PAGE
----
March 22, 2015

Fifth Sunday of Lent

Mother Rebecca Stramoski
March 22, 2015

            Jn 12:20-33
            We spoke last week of the attraction of the cross.  Today this message is repeated: Jesus lifted up will draw all people to Himself.  This repetition is not surprising since last week we were talking about the cross as the center-piece of our lives where all paradoxes, graces, and salvation flow.  So we remain again at the foot of the cross looking with love at Jesus who is looking lovingly at us.  Love always attracts and the cross of Christ is the greatest love.  But there is a catch to this seemingly simple attractive force of love.  We love, but unfortunately, we love many things.  Yes, we do love the cross but we also love our comfort and our will and our possessions and our time…and the list goes on!  Our arms are not big enough to embrace all the things we love! 
            I read a book during retreat that used the image of a magnet and its attractive force.  If you put a nail close to a magnet, the nail sticks.  Put another nail by the nail on the magnet and it sticks too.  We can repeat this on and on until we have a trail of nails piled high.  Things begin to get heavy and messy as the strings of love pile on and on. 
            This is a reason we want to return daily to the cross…to make Christ crucified the center of our passion and the only desire of our heart.  When the soul is filled with Christ it has no more longings.  So here comes another image.  A horseshoe magnet can rapidly pick up pieces of iron.  However if you put a piece of iron right across the two ends of the magnet, it will cease to attract anything else.  The magnetic circuit is completed, and the magnet rests perfectly quiet, refusing to go beyond its own circle of pure content…and content.  When my soul is filled with Jesus, He completes the circuit of my soul’s passions and longings.  He is my salvation and all my desire – I have no need to pick up other things.  Haven’t we all experienced this?  Hasn’t your soul come to a complete rest when it has been absorbed by Christ?  When He has drawn you to Himself, have you not entered into rest?  Just as Jesus said, “Come to me all you who labor and are heavy laden and I will give you rest” (Mat11:28).   This peace is another fruit of the attractive force of the crucified Christ.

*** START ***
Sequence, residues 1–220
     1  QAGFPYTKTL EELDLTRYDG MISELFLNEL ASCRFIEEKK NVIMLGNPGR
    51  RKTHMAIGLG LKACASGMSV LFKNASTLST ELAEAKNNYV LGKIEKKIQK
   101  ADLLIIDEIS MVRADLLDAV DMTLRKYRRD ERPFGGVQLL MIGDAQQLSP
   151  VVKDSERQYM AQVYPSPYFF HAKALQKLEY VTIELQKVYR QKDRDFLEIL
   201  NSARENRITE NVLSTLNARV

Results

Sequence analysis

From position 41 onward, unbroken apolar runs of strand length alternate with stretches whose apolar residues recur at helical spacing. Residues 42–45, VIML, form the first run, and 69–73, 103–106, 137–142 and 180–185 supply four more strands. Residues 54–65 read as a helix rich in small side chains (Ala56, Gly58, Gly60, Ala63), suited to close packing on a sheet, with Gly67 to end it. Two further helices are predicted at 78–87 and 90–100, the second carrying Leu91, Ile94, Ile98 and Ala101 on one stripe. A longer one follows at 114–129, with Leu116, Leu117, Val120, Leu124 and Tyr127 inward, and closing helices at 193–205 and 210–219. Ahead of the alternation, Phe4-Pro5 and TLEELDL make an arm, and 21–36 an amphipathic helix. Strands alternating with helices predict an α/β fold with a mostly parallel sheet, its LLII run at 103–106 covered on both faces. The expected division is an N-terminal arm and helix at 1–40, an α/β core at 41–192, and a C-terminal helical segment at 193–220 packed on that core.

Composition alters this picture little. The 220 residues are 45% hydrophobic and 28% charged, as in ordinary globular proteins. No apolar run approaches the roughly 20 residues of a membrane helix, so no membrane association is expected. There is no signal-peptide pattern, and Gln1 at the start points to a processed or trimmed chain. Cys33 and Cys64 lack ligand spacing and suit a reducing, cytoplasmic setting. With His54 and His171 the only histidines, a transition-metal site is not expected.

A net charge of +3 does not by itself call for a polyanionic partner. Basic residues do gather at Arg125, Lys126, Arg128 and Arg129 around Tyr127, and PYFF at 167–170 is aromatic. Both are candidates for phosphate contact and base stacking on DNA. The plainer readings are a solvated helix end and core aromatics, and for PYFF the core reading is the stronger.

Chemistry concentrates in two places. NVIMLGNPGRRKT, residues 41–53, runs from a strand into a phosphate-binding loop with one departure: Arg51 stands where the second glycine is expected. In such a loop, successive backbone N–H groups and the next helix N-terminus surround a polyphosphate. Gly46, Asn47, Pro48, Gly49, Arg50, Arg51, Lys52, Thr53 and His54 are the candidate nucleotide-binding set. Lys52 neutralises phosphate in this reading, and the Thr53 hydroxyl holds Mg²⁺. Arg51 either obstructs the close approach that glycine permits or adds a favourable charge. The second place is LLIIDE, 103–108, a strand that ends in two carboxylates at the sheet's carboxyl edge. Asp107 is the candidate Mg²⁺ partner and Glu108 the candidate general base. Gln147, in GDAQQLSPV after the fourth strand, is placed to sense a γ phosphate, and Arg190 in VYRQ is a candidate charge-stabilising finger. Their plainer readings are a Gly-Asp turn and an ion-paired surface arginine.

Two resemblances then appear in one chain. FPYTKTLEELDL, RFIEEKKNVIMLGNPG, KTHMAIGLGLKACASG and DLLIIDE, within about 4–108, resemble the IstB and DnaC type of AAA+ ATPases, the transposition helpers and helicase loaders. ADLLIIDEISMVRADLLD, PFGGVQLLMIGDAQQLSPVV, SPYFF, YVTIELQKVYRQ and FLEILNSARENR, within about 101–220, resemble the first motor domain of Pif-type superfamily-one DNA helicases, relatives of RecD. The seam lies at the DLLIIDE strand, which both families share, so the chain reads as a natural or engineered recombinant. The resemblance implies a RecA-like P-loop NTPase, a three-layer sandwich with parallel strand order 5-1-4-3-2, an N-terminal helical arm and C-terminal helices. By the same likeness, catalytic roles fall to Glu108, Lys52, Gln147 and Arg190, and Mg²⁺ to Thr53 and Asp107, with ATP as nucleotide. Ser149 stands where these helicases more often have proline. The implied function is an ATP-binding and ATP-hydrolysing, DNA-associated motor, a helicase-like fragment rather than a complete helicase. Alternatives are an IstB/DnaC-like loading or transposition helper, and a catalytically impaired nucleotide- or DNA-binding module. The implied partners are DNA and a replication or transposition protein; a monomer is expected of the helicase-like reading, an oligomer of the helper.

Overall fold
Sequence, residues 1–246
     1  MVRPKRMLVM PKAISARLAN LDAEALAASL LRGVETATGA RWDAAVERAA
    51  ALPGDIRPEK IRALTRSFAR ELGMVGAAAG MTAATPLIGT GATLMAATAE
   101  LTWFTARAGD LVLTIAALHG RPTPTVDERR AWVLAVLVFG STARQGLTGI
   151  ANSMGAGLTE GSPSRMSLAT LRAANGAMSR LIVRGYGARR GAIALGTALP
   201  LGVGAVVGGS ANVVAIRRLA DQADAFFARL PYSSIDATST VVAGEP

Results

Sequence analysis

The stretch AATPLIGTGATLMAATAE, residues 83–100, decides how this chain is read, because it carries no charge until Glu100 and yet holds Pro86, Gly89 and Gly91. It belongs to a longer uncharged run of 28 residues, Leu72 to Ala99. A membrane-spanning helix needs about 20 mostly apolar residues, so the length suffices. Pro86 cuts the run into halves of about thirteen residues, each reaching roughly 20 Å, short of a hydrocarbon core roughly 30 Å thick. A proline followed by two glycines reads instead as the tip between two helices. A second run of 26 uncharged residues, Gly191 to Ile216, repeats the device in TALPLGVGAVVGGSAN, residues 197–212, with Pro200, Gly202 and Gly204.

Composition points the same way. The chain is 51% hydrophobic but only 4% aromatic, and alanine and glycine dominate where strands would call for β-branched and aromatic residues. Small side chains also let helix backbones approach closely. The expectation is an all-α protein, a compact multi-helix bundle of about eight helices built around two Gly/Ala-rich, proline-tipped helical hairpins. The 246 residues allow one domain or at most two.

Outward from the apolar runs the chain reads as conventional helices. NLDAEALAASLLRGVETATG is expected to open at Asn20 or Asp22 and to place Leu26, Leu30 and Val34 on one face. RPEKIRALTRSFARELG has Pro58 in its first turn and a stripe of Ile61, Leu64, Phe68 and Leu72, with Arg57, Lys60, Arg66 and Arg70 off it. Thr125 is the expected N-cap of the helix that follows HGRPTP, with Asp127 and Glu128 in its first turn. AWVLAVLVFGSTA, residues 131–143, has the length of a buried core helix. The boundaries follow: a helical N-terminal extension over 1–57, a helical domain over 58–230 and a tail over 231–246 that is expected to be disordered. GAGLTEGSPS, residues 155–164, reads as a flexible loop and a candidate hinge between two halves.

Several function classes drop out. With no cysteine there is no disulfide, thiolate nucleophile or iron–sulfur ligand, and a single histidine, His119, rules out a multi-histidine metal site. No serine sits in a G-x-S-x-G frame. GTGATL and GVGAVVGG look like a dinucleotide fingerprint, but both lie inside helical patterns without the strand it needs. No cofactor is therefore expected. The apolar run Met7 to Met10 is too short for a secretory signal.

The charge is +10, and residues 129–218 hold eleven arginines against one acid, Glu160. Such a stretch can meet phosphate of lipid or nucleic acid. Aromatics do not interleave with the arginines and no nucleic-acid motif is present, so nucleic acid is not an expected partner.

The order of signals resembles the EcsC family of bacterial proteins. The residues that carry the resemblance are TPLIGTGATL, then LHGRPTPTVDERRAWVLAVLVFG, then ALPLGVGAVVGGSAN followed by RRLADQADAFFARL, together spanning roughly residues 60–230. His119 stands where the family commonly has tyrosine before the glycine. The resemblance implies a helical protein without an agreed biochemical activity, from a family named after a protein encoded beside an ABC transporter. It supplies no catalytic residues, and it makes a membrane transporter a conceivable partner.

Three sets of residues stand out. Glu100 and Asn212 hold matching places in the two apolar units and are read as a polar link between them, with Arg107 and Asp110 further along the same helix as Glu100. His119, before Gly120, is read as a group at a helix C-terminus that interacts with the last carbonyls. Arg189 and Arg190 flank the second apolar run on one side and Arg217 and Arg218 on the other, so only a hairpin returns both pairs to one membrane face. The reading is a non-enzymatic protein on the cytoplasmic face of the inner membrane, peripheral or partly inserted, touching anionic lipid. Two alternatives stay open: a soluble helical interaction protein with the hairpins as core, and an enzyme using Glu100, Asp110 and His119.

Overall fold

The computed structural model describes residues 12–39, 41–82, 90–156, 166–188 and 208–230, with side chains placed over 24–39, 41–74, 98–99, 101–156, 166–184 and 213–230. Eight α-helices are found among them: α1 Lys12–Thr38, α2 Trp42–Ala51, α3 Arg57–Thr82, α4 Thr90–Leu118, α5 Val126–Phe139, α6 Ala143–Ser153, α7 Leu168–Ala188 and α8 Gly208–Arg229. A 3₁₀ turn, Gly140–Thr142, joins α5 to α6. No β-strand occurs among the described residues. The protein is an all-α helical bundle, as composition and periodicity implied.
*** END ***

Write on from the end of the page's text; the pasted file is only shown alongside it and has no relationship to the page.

Lent is a time of recommitment…a time for us to examine our lives and set things in proper order with God – with our sole passion being for Christ.   Jesus says in our gospel today “that to serve me is to follow me”, but adds “where I am”.  Jesus says follow me “where I am”- not where I think I should be or where I want to be, but simply, where He is.  Without that completed circuit, so to speak, this one phrase can cause us many troubles.  Purity of heart allows us to see Jesus where He is.  Or like those Greeks in today’s gospel, with our whole being (heart, mind, and soul) we beg “Sir, we would like to see Jesus”.